Rose & Flower Gardening
Daffodils to Welcome Spring
After a long winter, daffodils add a touch of color to early spring days when many other plants are still quiet. With a little careful preparation, beautiful groupings of these happy flowers can brighten your spring mornings.
For Spring Blooms, Plant in the Fall
Early spring color means planning ahead. But like any good thing, they're worth the wait. Remember, if you buy bulbs in the summer, be sure to store them in a cool place with good air circulation. Wait until the soil cools down in fall - about 2-4 weeks before the first frost date - then plant.
Prepare Your Soil for Daffodils
Daffodils like somewhat acidic soil. If you're not sure about your soil, it's a good idea to do a soil test, and then amend your soil as needed. Since daffodils also like good drainage, turn your soil about 12 inches deep and add compost or garden soil, such as Miracle-Gro® Organic Choice® Garden Soil according to label directions. Hillsides or raised beds are good sites for daffodil groupings.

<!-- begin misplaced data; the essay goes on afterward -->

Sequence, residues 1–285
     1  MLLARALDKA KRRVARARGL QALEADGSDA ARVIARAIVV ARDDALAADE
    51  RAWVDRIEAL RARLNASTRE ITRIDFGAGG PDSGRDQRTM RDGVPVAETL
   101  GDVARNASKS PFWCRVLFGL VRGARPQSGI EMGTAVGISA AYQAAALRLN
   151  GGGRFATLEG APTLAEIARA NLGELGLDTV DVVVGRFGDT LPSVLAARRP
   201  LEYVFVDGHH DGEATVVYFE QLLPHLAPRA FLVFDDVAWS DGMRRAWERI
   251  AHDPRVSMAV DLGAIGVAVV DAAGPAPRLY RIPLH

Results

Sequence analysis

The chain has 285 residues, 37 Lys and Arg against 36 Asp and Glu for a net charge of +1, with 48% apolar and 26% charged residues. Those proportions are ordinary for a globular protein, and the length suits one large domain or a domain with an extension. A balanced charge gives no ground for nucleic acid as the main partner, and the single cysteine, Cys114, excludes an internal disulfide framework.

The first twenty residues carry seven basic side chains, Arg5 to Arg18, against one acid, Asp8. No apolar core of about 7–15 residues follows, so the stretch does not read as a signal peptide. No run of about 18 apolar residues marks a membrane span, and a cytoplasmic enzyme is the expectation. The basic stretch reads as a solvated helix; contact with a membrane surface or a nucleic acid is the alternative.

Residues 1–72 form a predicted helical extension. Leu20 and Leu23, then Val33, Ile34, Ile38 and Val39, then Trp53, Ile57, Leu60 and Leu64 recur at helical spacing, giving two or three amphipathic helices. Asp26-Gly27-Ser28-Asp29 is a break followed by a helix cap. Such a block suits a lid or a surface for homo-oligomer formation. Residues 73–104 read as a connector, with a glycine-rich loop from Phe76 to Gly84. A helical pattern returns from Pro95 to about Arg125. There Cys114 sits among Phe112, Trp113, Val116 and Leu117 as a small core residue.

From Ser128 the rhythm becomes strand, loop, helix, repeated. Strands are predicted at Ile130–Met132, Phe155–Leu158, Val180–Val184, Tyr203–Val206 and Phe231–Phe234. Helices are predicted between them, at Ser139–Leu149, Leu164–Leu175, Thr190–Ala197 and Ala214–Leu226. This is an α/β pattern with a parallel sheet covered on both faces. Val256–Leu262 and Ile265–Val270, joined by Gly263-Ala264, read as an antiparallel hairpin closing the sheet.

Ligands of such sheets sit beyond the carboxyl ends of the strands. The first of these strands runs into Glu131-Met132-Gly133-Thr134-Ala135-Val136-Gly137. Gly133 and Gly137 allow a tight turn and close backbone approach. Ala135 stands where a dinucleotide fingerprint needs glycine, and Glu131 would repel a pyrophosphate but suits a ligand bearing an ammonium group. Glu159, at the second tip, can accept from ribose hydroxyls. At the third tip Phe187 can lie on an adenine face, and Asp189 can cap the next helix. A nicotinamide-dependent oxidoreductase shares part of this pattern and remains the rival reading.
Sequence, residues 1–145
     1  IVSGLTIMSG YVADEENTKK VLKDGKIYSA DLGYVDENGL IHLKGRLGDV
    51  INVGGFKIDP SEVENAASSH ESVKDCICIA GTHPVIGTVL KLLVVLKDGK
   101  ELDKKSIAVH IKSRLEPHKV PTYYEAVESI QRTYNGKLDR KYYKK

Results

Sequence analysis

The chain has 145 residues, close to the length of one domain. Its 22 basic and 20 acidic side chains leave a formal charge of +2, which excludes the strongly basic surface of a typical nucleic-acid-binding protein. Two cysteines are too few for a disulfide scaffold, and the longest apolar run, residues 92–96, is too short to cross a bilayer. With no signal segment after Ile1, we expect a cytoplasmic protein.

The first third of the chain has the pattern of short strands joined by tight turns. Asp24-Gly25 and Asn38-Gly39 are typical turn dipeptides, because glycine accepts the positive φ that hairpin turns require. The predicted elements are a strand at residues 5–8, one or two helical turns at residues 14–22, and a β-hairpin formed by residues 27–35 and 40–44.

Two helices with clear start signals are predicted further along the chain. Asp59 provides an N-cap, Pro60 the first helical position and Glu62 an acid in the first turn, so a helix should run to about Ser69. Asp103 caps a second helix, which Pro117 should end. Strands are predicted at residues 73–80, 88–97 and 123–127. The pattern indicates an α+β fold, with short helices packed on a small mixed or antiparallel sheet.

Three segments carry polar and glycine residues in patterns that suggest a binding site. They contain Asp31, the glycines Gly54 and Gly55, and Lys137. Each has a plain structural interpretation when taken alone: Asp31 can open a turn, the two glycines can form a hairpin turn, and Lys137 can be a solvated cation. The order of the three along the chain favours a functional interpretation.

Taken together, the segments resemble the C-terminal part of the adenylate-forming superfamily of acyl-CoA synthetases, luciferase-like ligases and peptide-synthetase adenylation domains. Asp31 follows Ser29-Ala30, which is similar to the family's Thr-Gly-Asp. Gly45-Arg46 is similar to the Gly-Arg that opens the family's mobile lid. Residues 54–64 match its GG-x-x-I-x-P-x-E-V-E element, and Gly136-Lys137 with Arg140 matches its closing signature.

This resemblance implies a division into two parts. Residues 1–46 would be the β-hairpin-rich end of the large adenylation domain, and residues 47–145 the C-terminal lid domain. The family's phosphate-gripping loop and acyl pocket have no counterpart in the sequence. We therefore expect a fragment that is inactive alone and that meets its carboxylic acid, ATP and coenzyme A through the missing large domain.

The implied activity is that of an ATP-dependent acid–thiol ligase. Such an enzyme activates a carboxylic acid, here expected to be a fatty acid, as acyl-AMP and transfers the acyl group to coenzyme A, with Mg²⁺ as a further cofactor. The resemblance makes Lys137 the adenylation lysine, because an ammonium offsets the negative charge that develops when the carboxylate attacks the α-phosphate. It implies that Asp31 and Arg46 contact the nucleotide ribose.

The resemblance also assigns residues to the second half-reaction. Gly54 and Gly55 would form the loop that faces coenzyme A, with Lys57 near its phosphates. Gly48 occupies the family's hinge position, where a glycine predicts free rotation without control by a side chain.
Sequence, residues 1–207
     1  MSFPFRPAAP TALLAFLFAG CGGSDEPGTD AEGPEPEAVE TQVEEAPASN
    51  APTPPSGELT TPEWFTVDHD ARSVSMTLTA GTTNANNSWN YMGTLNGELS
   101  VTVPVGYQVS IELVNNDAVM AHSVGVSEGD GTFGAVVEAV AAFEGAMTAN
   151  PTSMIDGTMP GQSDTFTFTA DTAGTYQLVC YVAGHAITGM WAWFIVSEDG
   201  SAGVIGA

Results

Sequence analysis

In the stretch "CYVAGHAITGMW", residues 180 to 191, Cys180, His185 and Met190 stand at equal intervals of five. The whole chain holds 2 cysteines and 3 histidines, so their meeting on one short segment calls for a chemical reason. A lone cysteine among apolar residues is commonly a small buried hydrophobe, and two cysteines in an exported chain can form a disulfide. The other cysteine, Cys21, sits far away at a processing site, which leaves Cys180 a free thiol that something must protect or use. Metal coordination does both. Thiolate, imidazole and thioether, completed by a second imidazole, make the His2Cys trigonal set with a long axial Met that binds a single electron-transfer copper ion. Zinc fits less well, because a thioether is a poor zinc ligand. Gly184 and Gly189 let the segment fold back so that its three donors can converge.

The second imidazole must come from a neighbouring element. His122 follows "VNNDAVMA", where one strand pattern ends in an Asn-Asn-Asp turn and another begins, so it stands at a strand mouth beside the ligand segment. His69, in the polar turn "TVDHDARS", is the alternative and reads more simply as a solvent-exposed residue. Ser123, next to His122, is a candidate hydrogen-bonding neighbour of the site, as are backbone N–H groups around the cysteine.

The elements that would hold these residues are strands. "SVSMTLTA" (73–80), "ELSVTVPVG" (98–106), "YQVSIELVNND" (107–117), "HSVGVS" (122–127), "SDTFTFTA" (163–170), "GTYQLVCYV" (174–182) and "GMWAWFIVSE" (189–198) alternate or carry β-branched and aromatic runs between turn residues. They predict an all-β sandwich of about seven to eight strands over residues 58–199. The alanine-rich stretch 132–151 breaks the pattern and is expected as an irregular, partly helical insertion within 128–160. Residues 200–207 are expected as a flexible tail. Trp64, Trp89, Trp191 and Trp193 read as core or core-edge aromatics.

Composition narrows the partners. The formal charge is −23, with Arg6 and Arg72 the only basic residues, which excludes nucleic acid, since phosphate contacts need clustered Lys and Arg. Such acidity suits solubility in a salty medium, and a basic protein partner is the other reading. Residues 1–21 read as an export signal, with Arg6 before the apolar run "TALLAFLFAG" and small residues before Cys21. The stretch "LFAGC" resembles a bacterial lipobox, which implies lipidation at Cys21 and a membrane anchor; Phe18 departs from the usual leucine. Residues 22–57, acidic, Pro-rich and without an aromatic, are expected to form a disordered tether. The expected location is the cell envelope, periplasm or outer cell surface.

Planting Daffodil Bulbs
Plant the bulb pointy side up at least 6 inches deep. In sandy soils, go a little deeper. Once planted, water your daffodil bulbs well, keeping soil moist until fall rains take over.
When your bulbs start sprouting in the spring, begin feeding them with a plant food such as Miracle Gro® Water Soluble All Purpose Plant Food. After flowering, continue watering and feeding your daffodils until the leaves turn yellow to replenish the bulbs for next year's blooms.
They've Bloomed. Now What?
After blooming, your daffodil plants will turn yellow. At that point, it's safe to cut them back. Some experts also recommend digging up the bulbs at this point, washing and drying them, and storing them in a cool, airy place until you're ready to replant them in the fall.